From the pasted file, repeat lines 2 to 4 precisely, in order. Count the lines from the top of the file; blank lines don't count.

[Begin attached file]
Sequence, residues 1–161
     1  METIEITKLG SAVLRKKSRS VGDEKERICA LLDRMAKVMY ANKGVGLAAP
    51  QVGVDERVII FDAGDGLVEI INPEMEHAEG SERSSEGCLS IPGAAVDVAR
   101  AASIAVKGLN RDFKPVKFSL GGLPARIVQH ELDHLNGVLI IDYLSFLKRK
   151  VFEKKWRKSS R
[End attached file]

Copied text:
     1  METIEITKLG SAVLRKKSRS VGDEKERICA LLDRMAKVMY ANKGVGLAAP
    51  QVGVDERVII FDAGDGLVEI INPEMEHAEG SERSSEGCLS IPGAAVDVAR
   101  AASIAVKGLN RDFKPVKFSL GGLPARIVQH ELDHLNGVLI IDYLSFLKRK